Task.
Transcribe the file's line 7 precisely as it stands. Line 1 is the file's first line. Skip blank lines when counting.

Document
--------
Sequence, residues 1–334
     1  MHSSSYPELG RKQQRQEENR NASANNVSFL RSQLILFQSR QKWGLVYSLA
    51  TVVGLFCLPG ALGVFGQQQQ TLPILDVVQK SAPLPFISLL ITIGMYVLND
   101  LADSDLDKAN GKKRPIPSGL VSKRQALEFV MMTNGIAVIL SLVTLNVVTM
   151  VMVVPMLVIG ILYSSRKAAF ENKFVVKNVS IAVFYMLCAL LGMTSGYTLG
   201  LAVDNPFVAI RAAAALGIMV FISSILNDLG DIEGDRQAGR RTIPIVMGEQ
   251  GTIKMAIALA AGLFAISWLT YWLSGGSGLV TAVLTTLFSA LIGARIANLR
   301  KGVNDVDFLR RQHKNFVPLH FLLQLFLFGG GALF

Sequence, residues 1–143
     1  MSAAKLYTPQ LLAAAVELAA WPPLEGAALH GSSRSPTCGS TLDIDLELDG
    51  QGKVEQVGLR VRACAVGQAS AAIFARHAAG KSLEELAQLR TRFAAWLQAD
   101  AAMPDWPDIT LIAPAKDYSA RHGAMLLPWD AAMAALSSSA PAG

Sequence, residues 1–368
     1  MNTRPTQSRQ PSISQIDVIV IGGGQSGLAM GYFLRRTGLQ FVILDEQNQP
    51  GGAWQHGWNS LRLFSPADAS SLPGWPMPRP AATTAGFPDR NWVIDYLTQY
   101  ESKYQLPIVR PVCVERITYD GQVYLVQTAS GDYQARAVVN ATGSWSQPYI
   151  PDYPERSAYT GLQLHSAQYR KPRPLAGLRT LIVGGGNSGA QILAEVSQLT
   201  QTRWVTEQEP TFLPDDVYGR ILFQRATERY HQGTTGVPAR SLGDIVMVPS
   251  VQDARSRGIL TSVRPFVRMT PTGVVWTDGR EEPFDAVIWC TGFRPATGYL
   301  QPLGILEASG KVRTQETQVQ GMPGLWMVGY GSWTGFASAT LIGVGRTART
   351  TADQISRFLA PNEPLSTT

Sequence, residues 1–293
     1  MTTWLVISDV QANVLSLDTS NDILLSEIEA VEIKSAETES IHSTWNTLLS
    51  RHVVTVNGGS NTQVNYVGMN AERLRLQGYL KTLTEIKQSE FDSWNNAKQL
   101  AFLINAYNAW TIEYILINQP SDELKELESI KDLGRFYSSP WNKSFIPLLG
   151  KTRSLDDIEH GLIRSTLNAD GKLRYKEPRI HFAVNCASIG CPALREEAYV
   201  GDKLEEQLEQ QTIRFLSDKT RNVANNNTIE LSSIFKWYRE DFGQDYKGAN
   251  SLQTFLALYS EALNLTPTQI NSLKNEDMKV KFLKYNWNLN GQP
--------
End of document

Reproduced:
   251  GTIKMAIALA AGLFAISWLT YWLSGGSGLV TAVLTTLFSA LIGARIANLR